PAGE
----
In McLish v. Roff, 141 U.S. 661, 668, the court said that after a final judgment in the Circuit Court, "the party against whom it is rendered must elect whether he will take his writ of error or appeal to the Supreme Court upon the question of jurisdiction alone, or to the Circuit Court of Appeals upon the whole case; if the latter, then the Circuit Court of Appeals may, if it deem proper, certify the question of jurisdiction to this court."
In United States v. Jahn, 155 U.S. 109, 114, it was said: "(1) If the jurisdiction of the Circuit Court is in issue and decided in favor of the defendant, as that disposes of the case, the plaintiff should have the question certified and take his appeal or writ of error directly to this court; (2) If the question of jurisdiction is in issue, and the jurisdiction sustained, and then judgment or decree is rendered in favor of the defendant on the merits, the plaintiff, who has maintained the jurisdiction, must appeal to the Circuit Court of Appeals, where, if the question of jurisdiction arises, the Circuit Court of Appeals may certify it; (3) If the question of jurisdiction is in issue, and the jurisdiction sustained, and judgment on the merits is rendered in favor of the plaintiff, then the defendant can elect either to have the question certified and come directly to this court, or to carry the whole case to the Circuit Court of Appeals, and the question of jurisdiction can be certified by that court; (4) If in the case last supposed the plaintiff has ground of complaint in respect of the judgment he has recovered, he may also carry the case to the Circuit Court of Appeals on the merits, and this he may do by way of cross appeal or writ of error if the defendant has taken the case there, or independently, if the defendant has carried the case to this court on the question of jurisdiction alone, and in this instance the Circuit Court of Appeals will suspend a decision upon the merits until the question of jurisdiction has been determined; (5) The same observations are applicable where a plaintiff objects to the jurisdiction, and is, or both parties are, dissatisfied with the judgment on the merits."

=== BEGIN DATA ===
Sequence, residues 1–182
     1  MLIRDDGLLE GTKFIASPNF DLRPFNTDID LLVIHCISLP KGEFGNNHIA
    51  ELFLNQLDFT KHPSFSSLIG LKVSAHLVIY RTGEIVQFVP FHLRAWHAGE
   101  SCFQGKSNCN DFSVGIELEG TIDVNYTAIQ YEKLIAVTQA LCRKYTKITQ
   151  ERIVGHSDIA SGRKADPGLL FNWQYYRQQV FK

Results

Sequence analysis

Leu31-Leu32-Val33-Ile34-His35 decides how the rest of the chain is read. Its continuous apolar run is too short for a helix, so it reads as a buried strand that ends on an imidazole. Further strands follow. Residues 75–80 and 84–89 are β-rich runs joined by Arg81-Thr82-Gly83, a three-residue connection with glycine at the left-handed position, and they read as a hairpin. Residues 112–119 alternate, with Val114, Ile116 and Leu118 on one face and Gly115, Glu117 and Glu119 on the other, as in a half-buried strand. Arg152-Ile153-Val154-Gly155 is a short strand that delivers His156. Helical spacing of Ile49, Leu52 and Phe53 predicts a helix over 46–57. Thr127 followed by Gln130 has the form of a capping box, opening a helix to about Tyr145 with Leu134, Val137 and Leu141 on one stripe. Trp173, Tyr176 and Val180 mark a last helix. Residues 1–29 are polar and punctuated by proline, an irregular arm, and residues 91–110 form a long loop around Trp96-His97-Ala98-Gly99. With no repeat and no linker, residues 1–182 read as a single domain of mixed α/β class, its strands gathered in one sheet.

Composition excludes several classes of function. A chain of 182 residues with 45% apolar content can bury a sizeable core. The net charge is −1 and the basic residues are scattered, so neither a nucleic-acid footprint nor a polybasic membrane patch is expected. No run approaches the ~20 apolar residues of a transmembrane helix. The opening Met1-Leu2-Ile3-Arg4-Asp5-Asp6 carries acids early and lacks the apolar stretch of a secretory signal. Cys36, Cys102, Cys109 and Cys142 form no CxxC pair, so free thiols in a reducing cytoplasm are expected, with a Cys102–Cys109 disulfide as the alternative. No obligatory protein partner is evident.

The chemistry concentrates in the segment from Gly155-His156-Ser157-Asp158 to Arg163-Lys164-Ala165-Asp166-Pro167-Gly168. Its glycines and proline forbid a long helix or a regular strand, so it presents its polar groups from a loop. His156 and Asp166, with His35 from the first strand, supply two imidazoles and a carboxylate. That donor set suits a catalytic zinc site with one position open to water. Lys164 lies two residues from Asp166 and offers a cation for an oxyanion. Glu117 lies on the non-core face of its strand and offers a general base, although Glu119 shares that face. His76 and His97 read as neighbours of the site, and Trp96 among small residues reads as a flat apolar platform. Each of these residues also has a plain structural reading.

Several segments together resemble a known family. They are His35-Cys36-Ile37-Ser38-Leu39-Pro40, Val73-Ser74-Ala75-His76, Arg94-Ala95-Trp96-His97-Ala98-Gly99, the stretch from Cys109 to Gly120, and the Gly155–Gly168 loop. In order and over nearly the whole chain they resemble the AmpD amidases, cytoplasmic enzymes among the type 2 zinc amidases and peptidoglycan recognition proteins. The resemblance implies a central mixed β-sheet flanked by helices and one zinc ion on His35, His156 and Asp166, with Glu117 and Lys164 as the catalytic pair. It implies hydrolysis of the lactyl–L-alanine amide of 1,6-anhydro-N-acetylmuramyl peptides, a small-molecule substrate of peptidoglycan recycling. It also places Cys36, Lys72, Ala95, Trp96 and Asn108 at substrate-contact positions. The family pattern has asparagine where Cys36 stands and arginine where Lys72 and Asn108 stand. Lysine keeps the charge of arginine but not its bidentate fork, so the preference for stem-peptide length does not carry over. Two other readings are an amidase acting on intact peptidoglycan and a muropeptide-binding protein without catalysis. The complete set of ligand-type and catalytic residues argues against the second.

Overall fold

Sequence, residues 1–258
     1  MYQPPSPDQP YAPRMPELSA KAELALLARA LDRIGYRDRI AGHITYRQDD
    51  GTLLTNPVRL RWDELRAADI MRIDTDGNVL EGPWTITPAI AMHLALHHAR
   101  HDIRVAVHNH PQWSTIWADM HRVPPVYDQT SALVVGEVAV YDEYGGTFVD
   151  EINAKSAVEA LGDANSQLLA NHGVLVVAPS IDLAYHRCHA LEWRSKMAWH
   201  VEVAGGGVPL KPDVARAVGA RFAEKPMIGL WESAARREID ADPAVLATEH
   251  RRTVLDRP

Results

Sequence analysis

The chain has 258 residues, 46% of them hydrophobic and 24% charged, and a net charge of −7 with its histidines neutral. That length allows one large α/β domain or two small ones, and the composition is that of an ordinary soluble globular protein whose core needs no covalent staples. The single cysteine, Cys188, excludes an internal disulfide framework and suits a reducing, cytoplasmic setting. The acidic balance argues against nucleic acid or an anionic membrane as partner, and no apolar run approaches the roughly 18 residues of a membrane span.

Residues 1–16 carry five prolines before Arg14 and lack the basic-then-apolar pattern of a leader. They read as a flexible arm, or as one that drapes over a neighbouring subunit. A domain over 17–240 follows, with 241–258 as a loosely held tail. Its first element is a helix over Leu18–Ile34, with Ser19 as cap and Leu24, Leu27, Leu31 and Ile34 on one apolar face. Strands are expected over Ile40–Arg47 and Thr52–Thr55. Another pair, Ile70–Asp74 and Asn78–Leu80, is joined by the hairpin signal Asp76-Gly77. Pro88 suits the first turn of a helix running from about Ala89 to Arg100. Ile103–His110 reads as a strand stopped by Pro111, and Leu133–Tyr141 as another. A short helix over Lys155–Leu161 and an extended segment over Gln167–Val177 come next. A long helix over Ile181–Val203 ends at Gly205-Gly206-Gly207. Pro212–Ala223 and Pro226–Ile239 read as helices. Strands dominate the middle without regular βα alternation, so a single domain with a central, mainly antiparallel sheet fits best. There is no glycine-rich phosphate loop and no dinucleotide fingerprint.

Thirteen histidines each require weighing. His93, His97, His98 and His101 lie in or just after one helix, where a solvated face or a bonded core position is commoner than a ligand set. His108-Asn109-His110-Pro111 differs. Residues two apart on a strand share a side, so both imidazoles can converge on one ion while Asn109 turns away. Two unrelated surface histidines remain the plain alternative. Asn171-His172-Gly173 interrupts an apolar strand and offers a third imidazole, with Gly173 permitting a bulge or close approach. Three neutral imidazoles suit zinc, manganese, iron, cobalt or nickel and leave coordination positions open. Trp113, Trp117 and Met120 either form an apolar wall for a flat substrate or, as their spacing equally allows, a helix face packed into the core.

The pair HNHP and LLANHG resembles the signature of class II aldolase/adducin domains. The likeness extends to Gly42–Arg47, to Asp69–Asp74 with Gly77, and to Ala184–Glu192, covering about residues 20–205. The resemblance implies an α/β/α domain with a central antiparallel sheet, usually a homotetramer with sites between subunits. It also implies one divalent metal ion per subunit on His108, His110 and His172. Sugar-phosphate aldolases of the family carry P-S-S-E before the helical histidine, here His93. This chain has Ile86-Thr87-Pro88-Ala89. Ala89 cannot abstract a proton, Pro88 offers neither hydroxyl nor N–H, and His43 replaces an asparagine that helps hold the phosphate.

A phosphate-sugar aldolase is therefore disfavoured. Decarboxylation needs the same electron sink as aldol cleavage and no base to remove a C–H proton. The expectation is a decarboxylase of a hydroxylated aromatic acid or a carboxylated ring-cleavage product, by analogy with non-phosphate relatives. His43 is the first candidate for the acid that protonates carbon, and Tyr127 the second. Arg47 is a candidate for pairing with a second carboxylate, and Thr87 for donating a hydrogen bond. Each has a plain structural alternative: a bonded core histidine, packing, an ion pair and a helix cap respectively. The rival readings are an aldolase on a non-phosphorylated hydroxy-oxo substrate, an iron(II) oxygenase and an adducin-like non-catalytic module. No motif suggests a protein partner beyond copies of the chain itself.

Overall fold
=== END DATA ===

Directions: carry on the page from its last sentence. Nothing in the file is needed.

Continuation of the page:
In Chappell v. United States, 160 U.S. 499, 509, in which the constitutionality of an act of Congress was drawn in question, the court said: "No question of jurisdiction having been separately certified or specified, and the writ of error having been allowed without restriction, this court, under the other clause of the statute, above cited, [§ 5,] has appellate jurisdiction of this case as one in which the constitutionality of a law of the United States was drawn in question; and, having acquired jurisdiction under this clause, has the power to dispose, not merely of the constitutional question, but of the entire case, including all questions, whether of the jurisdiction or of merits."
As the construction of a treaty made under the authority of the United States and the constitutionality of an act of Congress were drawn in question in the Circuit Court, this court could have taken cognizance of the case upon the appeal from the Circuit Court, and determined those questions; and having thus acquired jurisdiction of the cause, it could have determined any question of the jurisdiction of the Circuit Court appearing upon the record, whether certified or not. 26 Stat. 826, c. 517, § 5. But the defendant elected to prosecute also an appeal to the Circuit Court of Appeals, and that court considered and determined the whole case upon its merits.
It was not the purpose of the judiciary act of 1891 to give a party who was defeated in a Circuit Court of the United States the right to have the case finally determined upon its merits both in this court and in the Circuit Court of Appeals. As no question of jurisdiction was certified by the Circuit Court, and as the defendant chose not to await the action of this court upon the appeal to it from the Circuit Court, but invoked the jurisdiction of the Circuit Court of Appeals upon the whole case, he must be held to have waived his right to any decision here upon his direct appeal from the Circuit Court.
We are of opinion that the present appeal must be dismissed. After the final decree upon the merits in the Circuit Court of Appeals, this court, under the circumstances stated, could properly take cognizance of the case, in respect of any question involved in it, only upon certiorari.